State, Market and Labour: A Dalit Perspective
Since last three decades, one of the key labour market developments observed is the phenomenon of labour market segmentation in India: the division of labour markets into separate submarkets, distinguished on the basis of social characteristics such as caste, class and gender. This segmentation is problematic because it is linked with poor quality of jobs, discrimination, humiliation and inequalities. The birth identity of a caste marker determines the person’s initial endowments, ability to access market opportunities and capacity to utilize his/her full potential skills in India. In this paper, we have examined the historical evolution of caste as oppressing institution for forcefully excluding the Dalits from accessing educational, civic and economic rights and pushing them at the margin of vulnerability. While doing so, we also re-examine the historical struggle of Dalits in securing those fundamental rights as assured by the Constitution of India in the post-independence period. Many scholars argue that globalization is welfare enhancing for Dalits as it brings out equal market opportunities for all, whereas others argue that it perpetuates graded inequality and discrimination since the state intervention is minimal. We argue that employment discrimination against Dalits is substantial in the post-liberalization period especially in the private sector, and that discrimination occurs to a large extent in unequal access to jobs. Furthermore, the caste-based discrimination inevitably reinforces social conflicts in the society. Caste-based discrimination is detrimental to the social cohesion as it increases the propensity to commit atrocities against Dalits in the neoliberal era. Dalits under the globalization has been forced to accept the caste-based occupations which are more likely to be precarious in nature. As a result, Dalit workforce is pushed towards the margins and compelled to accept dirty jobs in modern India.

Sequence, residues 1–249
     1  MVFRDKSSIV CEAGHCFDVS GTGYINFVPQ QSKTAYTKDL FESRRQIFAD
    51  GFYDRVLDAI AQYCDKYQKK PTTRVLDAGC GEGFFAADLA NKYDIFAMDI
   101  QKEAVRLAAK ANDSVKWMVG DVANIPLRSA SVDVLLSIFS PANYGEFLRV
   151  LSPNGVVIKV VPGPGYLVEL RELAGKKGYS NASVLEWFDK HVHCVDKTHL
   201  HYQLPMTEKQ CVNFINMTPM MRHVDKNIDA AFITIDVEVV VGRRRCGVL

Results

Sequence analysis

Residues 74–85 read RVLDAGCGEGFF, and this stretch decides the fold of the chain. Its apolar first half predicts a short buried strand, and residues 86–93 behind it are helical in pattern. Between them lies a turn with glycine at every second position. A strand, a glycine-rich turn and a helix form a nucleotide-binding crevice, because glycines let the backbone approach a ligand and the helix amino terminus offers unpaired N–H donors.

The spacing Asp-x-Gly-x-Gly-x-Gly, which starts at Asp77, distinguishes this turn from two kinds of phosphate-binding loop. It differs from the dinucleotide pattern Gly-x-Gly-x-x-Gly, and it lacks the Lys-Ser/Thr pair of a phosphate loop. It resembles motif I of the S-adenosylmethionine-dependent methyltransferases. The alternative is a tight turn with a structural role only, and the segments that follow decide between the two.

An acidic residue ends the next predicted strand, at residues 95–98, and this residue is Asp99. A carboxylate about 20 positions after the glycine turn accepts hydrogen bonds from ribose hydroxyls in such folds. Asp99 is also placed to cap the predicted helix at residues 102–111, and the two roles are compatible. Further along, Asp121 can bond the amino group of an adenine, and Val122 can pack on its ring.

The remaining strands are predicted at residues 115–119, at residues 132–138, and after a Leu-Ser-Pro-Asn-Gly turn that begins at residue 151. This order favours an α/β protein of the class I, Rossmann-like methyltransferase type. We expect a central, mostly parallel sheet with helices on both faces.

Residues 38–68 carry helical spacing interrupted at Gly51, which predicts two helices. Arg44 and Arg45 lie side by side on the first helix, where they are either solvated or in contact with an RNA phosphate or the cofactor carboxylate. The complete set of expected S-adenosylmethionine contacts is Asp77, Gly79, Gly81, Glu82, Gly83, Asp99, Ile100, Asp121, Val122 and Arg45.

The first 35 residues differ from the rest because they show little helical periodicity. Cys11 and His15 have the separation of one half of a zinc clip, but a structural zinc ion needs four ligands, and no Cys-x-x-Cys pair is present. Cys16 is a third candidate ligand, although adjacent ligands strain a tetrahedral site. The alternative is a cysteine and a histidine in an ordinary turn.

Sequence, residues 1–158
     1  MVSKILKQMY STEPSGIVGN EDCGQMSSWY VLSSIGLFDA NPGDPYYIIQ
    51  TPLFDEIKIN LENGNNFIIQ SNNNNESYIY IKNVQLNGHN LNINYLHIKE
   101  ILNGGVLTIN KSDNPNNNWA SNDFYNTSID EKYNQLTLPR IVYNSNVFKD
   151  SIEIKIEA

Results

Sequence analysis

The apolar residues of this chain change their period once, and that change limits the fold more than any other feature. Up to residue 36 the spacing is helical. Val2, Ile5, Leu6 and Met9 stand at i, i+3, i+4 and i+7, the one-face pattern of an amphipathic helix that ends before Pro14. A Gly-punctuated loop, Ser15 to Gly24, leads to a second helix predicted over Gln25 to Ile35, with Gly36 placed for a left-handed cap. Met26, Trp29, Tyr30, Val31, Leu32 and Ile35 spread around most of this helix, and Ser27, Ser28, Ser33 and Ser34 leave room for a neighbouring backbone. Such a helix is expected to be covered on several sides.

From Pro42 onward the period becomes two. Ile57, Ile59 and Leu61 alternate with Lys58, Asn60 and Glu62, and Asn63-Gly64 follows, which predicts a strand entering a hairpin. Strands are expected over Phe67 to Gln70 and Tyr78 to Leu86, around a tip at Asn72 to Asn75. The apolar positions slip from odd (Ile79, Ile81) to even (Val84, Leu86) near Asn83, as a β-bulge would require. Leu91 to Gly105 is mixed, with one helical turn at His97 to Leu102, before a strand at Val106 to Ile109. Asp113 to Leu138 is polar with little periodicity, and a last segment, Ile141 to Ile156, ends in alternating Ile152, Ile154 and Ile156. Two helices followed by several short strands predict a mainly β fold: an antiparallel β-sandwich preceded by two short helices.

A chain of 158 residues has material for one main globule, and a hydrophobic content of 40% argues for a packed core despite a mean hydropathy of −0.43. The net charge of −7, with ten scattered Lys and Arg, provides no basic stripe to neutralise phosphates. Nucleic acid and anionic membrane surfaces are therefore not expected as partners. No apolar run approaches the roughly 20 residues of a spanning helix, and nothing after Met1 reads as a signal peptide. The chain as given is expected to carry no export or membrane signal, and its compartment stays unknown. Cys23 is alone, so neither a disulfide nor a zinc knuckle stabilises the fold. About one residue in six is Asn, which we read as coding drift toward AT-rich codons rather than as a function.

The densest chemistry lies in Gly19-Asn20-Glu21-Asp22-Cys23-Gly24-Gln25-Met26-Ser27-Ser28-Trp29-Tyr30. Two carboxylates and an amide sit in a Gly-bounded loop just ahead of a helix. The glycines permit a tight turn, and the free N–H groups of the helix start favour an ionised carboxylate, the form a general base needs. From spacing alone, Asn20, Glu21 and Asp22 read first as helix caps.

KeywordsPrecarious work Dalit Caste India Discrimination Dalit capitalism Affirmative action
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